Armed And Ready – Kerrang! 1982- Nick Kemp

WHAT WOULD you do if your band gets 15 gigs in a year, goes down like a forest fire when someone finally realises you’ve got potential, is offered the chance to support Angelwitch only to find your singer has decided that this is the day to get involved in a car crash. Give up?

Many probably would, but south London based Ore have turned these minor mishaps, and many more, to their advantage. Admittedly the gig situation hasn’t improved, but when they do hit the boards it’s liked watching a fully steamed up Flying Scotsman tearing out after a week’s solitary confinement. An apt comparison in view of the stature of lead vocalist Gordon MacArthur. Built like a train, he has the remarkable ability to entertain an audience both with tremendous singing (somewhere between Joe Cocker and Nicky Moore) and a ridiculous booze-inspired wit, bred in the hunting grounds of Glasgow bars, where you have to have a big mouth or a big fist (and usually both).
But this large bundle of talent almost didn’t make the band as Dave Boyce, bass guitarist explains.
“We were looking for a good hard rock singer, but there had to be something else there – personality and an ability to do a little more than just scream. We’d auditioned quite a lot of singers but we weren’t really happy with any of them. By this time there were only a few left to listen to. Gordon being one of them. But being the totally reliable person we’ve all come to know he didn’t show up. So we relunctantly chose one of the others and thought no more about it.
“Then the follwing week Gordon rang up and asked if the job was stoll open. Having nothing to lose, we said yes he even showed up almost on time. It was incredible. Not only was he the kind of singer we dreamed we’d get, but he had us all in fits of laughter within a few seconds of walking through the door.”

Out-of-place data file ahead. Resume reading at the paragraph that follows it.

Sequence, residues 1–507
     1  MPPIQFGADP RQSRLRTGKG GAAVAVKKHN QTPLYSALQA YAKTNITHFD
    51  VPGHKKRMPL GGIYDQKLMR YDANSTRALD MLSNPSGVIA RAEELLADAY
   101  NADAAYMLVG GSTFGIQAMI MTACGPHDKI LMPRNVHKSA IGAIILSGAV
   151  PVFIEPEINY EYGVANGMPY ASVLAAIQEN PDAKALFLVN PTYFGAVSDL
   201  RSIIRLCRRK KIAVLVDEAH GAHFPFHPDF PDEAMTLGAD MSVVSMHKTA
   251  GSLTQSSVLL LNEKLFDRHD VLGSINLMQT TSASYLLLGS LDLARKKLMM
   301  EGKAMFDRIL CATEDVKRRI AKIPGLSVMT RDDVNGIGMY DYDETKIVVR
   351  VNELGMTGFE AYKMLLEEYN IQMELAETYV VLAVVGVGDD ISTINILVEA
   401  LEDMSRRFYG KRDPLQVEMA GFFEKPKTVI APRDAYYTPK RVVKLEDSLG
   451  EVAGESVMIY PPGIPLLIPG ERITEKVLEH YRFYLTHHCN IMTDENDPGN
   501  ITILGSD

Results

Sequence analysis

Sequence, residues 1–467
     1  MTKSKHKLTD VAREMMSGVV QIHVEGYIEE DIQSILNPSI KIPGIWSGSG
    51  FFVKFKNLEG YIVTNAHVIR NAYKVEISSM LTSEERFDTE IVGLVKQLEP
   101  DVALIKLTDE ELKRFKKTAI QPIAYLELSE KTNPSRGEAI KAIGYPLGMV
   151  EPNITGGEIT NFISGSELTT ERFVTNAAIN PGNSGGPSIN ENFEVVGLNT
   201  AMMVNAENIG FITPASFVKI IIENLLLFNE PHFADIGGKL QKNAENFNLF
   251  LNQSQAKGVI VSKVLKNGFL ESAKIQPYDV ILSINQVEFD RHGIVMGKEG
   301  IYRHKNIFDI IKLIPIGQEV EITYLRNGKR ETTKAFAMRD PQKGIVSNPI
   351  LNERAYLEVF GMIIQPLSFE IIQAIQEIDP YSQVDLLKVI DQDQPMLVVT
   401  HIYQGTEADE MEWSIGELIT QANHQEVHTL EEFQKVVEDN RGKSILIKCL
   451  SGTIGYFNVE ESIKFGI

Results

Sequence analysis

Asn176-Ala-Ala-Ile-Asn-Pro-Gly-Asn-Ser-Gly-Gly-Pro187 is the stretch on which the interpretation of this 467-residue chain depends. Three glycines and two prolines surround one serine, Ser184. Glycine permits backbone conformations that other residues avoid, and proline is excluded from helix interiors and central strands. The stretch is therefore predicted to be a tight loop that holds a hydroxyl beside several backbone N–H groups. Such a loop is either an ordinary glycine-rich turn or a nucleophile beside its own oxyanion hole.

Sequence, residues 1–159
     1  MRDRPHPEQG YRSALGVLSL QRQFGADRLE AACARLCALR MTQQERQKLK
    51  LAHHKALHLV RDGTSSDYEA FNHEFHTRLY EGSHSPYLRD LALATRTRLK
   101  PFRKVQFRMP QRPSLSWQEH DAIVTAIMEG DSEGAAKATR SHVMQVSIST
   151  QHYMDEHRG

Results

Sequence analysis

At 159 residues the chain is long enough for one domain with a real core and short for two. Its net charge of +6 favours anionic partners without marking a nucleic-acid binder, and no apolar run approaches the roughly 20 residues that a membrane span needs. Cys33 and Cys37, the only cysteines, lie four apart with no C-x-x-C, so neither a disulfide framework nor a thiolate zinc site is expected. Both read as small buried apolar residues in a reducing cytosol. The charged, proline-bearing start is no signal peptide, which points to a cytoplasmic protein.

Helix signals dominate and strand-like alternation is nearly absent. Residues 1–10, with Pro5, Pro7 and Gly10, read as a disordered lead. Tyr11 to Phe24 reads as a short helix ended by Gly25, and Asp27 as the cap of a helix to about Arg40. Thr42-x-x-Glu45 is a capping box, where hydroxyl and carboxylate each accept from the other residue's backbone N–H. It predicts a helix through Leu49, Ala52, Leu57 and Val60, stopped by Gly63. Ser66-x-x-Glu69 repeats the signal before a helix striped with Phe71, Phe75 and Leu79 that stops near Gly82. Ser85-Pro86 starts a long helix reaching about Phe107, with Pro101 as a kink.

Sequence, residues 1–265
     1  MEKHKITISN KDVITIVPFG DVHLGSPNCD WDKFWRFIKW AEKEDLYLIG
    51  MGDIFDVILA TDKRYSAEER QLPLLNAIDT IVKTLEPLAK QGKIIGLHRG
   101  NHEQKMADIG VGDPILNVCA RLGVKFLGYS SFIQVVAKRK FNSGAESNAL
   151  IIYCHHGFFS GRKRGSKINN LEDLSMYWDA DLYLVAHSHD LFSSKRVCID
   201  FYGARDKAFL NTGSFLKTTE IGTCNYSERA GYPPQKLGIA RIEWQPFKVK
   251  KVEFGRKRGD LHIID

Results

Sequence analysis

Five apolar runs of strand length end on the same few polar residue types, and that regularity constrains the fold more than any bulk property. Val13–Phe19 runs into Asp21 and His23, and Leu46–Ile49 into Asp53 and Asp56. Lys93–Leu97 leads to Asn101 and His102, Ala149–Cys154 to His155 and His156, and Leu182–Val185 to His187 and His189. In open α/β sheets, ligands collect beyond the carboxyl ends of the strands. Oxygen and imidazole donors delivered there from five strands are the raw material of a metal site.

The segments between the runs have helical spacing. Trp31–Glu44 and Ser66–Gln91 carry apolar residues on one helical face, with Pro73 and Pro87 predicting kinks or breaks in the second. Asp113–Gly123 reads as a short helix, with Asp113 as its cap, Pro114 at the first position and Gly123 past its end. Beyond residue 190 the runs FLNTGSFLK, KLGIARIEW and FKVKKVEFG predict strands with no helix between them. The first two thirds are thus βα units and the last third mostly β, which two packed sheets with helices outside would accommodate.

Ore play regularly now at the White Swan in Greenwich, a HM bastion that deserves a column all to itself, but they’re looking for gigs in the centre of London.

ORE are


ORE Marquee, London, May 1982 (review by Nick Kemp)

FOR a regular Marquee support band, there’s a helluva lot of fuss being made about this lot. Not that I’m the slightest bit surprised as they’re simply one of the tightest rock bands I’ve seen in ages – headliners or support.

You may recall the “Armed and Ready” piece I wrote about them some months back, and at that time they were ruefully wondering where the next gig was coming from.

Happily that situation has now been rectified to a degree and the band have recently opened for Girl, Marillion, Tytan and Tank, the latter two gigs being more than just technical blow offs! As ever, vocalist Gordon Arthur is the key factor. The day before, when Ore came on as support to Marillion, he’d questioned the audience on their academic qualifications, mouthed off in almost unintelligable Glaswegian and let fly with half an hour of high pitched laughter. But if tonights crowd thought they were in for a clowning session, they were only half right. Gordon may still be in the pub when he’s supposed to be on stage, and he may also take the piss out of everyone present (including the band). But that doesn’t change the fact that he’s one of the finest singers currently on the circuit.